By Airman 1st Class Quion Lowe, 49th Wing Public Affairs
/ Published May 13, 2020
Airman 1st Class Chris Mosely-Hendricks, and Airman 1st Class Ebony Lawton, both 49th Health Care Operations Squadron mental health technicians, discuss ways to improve mental health, May 12, 2020, on Holloman Air Force Base, N.M. With mental health being so crucial to the success of Airmen, it is important to acknowledge how the COVID-19 pandemic can impact your mental fitness. (U.S. Air Force photo by Airman 1st Class Quion Lowe)
Airman 1st Class Ebony Lawton, 49th Health Care Operations Squadron mental health technician, poses for a portrait, May 12, 2020, on Holloman Air Force Base, N.M. With mental health being so crucial to the success of Airmen, it is important to acknowledge how the COVID-19 pandemic can impact your mental fitness. (U.S. Air Force photo by Airman 1st Class Quion Lowe)
HOLLOMAN AIR FORCE BASE, N.M. — “Creating a new normal.”
This phrase has become increasingly popular as societies worldwide continue to take preventative measures to decrease the spread of COVID-19.
Since face-to-face interactions have been significantly limited, all aspects of everyday life seem to have been altered as well. While the physical aspect is readily visible, Airmen must also monitor their less obvious Comprehensive Airman Fitness pillar of mental wellness.
“In my eyes, your mindset is a big factor in everything you do,” said Airman 1st Class Darien Lee, 49th Health Care Operations Squadron mental health technician. “If you wake up with a positive mindset, you are more mentally prepared for the day. You are less likely to let things discourage you. Mentally you have to be prepared and fit to perform your job to the highest degree. You have to take care of yourself before you care for others.”
With mental health being so crucial to the success of Airmen, it is important to acknowledge how the COVID-19 pandemic can impact your mental fitness.
“COVID-19 has affected us all in a lot of ways,” said Capt. Nicholle Johnston, 49th HCOS clinical psychologist. “Some of us experience deep concern for loved one’s health, we may feel anxious, restless or lonely, and these are normal emotions to be experiencing right now. However, I have also noticed trends of caring for and protecting each other, increased positive interactions and positive wishes for others’ well-being.”
With the positive and negative influences on mental health that the COVID-19 pandemic can cause, Johnston offered advice on how to keep an uplifted mindset.
“Finding a sense of normalcy right now is one of the best things you can do,” said Johnston. “Create a routine that includes taking steps to stay physically healthy, schedule phone calls, utilize virtual exercise routines or try a new hobby. Be cautious of getting information about COVID-19 from sources that are not credible as this may increase anxiety or stress related to the current status of the pandemic. The Centers for Disease Control and Prevention is a great resource for up-to-date, credible information.”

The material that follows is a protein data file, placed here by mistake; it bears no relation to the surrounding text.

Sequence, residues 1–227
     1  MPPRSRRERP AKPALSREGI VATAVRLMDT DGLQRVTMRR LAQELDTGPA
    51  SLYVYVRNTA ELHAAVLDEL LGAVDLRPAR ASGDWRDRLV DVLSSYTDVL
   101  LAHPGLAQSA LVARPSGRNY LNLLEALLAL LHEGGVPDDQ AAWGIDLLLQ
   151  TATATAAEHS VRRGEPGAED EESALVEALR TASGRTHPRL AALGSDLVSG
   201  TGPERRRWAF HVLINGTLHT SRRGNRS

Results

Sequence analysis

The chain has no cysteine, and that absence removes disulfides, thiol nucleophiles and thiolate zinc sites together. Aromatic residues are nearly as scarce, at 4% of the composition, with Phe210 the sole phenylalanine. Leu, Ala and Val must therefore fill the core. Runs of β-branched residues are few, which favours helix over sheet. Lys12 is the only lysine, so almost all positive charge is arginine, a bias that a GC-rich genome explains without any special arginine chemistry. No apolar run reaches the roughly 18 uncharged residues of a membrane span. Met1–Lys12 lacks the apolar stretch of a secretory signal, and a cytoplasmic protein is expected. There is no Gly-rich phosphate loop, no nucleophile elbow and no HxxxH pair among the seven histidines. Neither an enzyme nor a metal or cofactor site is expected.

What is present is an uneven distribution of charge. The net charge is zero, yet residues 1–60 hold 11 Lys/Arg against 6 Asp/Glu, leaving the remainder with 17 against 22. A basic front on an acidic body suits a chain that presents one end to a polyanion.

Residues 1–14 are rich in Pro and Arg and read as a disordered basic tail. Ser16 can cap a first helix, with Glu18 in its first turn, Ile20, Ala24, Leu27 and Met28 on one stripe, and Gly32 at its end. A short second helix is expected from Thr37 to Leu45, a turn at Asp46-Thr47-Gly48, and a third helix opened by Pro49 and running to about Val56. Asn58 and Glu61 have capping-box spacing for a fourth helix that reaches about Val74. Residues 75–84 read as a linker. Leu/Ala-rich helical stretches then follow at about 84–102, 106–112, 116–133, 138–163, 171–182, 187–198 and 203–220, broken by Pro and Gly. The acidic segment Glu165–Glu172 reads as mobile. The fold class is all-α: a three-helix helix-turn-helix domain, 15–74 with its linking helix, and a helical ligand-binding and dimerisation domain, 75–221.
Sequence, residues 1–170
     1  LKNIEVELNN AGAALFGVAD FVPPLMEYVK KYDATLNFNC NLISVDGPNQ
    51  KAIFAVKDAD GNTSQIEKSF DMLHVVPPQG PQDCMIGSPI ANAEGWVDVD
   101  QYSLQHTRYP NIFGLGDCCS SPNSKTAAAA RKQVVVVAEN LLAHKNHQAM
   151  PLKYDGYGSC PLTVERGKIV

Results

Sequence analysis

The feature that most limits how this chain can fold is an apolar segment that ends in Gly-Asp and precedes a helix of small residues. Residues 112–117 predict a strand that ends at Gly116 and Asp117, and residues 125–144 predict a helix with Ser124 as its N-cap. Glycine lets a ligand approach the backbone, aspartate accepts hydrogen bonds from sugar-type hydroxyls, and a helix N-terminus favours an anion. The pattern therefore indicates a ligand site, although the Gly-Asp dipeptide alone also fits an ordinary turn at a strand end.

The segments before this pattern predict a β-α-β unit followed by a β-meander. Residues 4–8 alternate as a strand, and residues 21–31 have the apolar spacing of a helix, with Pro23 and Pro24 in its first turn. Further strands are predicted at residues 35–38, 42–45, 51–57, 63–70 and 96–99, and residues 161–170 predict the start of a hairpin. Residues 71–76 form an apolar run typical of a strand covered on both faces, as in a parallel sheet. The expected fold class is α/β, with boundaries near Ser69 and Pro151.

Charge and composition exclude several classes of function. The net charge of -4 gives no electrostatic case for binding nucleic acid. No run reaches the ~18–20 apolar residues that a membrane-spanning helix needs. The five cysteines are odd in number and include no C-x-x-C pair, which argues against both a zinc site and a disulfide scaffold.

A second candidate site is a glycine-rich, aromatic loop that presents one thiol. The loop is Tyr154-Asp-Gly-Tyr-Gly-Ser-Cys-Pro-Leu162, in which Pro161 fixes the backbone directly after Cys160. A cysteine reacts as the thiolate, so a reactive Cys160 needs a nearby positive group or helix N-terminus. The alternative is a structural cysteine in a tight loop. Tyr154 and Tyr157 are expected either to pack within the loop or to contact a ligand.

While the shift in routine can cause anxiety and stress for some, Johnston emphasized that acknowledging the impact is critical for balanced mental well-being.
“I have personally felt the impact of feeling restless and frustrated by what I can’t go out and do,” said Johnston. “However, I acknowledge that frustration, and I try to have balanced thoughts and acknowledge that I can also take the extra time to be more productive at home with things I have been putting off.”
Even though it is good to find new hobbies and be productive while physically distancing, putting too much pressure on yourself to be active can be equally unhealthy.
“Being productive is definitely a good thing, but some of us may need to pace ourselves,” said Johnston. “It’s okay if we don’t complete our to-do list each day or if we are not productive 100 percent of each day; it’s important to find time to relax too.”
Although physical distancing can make it difficult to complete routine tasks that can affect mental fitness, maintaining a balanced healthy mindset is important for Airmen to stay fit to fight. Creating a “new normal” by forming new routines is a recommended method to try during this pandemic.
It’s also important to watch your fellow wingman and reach out if you see them struggling mentally during these uncertain times.
“During this time, you may notice others expressing increased anxiety, worry, boredom, anger, loneliness, hopelessness, or changes in sleep or appetite,” said Johnston. “Social distancing may require that we adjust how we previously supported each other, but you can still text to check-in, write a handwritten note or offer activities ideas that might help improve your fellow Airman’s mental health.”
Airmen who are struggling with maintaining their mental fitness during this time are strongly encouraged to contact Holloman Mental Health at (575) 572-5676.